Hoorah it’s the first ‘Sensation Sunday’, I have to admit that I was slightly worried that having not read The Woman in White by Wilkie Collins or Lady Audley’s Secret by Mary Elizabeth Braddon that my love for the ‘sensation novel’ might have passed, which would be slightly concerning as with The Sensation Season I have until just after Christmas to read a lot of sensation fiction. So I slightly warily opened the first few pages of ‘The Haunted Hotel’ it didn’t take long until I was completely immersed.
The Haunted Hotel opens in quite a typical ‘sensation novel’ fashion. Doctor Wybrow is about to go on his rounds when his servant announces a young lady has come needing to see him straight away. With other patients to see he tries to sneak out but is caught by the young woman who demands he sees her now as she fears she is going mad. From then she tells him the tale of her husband to be and the woman she usurped unintentionally from her fiancé Lord Montbarry, Agnes Lockwood, whom she recently met and had the fear of death put into her. Unable to help the woman she flea’s unhappily but something causes the Doctor to have her followed and he finds out she is Countess Narona who when he asks at the men’s club he discovers has a reputation of “being a person who produces a sensation wherever she goes, this noble lady is naturally made the subject of all sorts of scandalous reports” she is also, apparently, evil.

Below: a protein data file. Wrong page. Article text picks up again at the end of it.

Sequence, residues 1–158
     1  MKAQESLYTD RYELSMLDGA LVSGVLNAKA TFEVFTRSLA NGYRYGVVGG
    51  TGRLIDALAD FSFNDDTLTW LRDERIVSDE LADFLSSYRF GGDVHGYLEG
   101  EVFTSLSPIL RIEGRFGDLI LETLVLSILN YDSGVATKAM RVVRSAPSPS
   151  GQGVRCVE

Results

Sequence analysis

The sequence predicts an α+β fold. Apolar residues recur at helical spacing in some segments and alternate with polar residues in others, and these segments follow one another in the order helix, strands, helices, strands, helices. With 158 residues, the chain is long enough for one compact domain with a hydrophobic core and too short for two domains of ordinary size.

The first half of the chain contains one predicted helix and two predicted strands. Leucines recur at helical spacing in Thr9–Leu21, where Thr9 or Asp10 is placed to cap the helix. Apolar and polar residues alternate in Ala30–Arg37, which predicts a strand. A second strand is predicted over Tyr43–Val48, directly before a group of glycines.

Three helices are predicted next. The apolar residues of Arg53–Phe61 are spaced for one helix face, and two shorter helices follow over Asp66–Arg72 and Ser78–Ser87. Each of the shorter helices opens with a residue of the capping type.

From then on we leave the Doctor behind and follow the story of Agnes Lockwood the jilted lover of Lord Montbarry whose maid’s husband who mysteriously goes missing working for Lord Montbarry and his new wife Countess Narona and her brother the Baron. Not long after Lord Montbarry dies of pneumonia in Venice though his family believe something suspicious has been going on as the Countess is now worth ten thousand pounds. Soon enough Agnes Lockwood and Countess Narona’s lives become entangled in a dark mystery.
I loved this book, I thought from start to end it was brilliant. I had never thought how sensation novels might have inspired today’s crime fiction as Wilkie Collins leaves you with a cliff hanger at the end of every chapter as the great plot driven crime novels of today do. In fact if I had to complain about the book in any way it’s the fact that you get very grumpy when you have to put it down to go to work and such evil things as what I really wanted to do was curl up and read it from cover to cover without stopping. When these novels where serialised in the late Victorian era I don’t know how people could wait for the next instalment. I wouldn’t have been able to as I was gripped and just completely became involved in the excellent plot, you do have to suspend your beliefs somewhat at coincidences but this is ‘sensation’ fiction after all, and the brilliant characters some who are wonderfully wicked.
I love books with ghosts, mystery, suspicion, dastardly characters, possible murder and foul play and shocks in them (get used to those words as I think they will be appearing a lot on this blog over the next few weeks) and this book has all of that in it and possibly more. I did wonder just how on earth Wilkie Collins could manage this in under 250 pages, and what’s more how does he do it for over another ten books? The first sensation novel in the Sensation Season was… well… sensational. I hope they all carry on like this.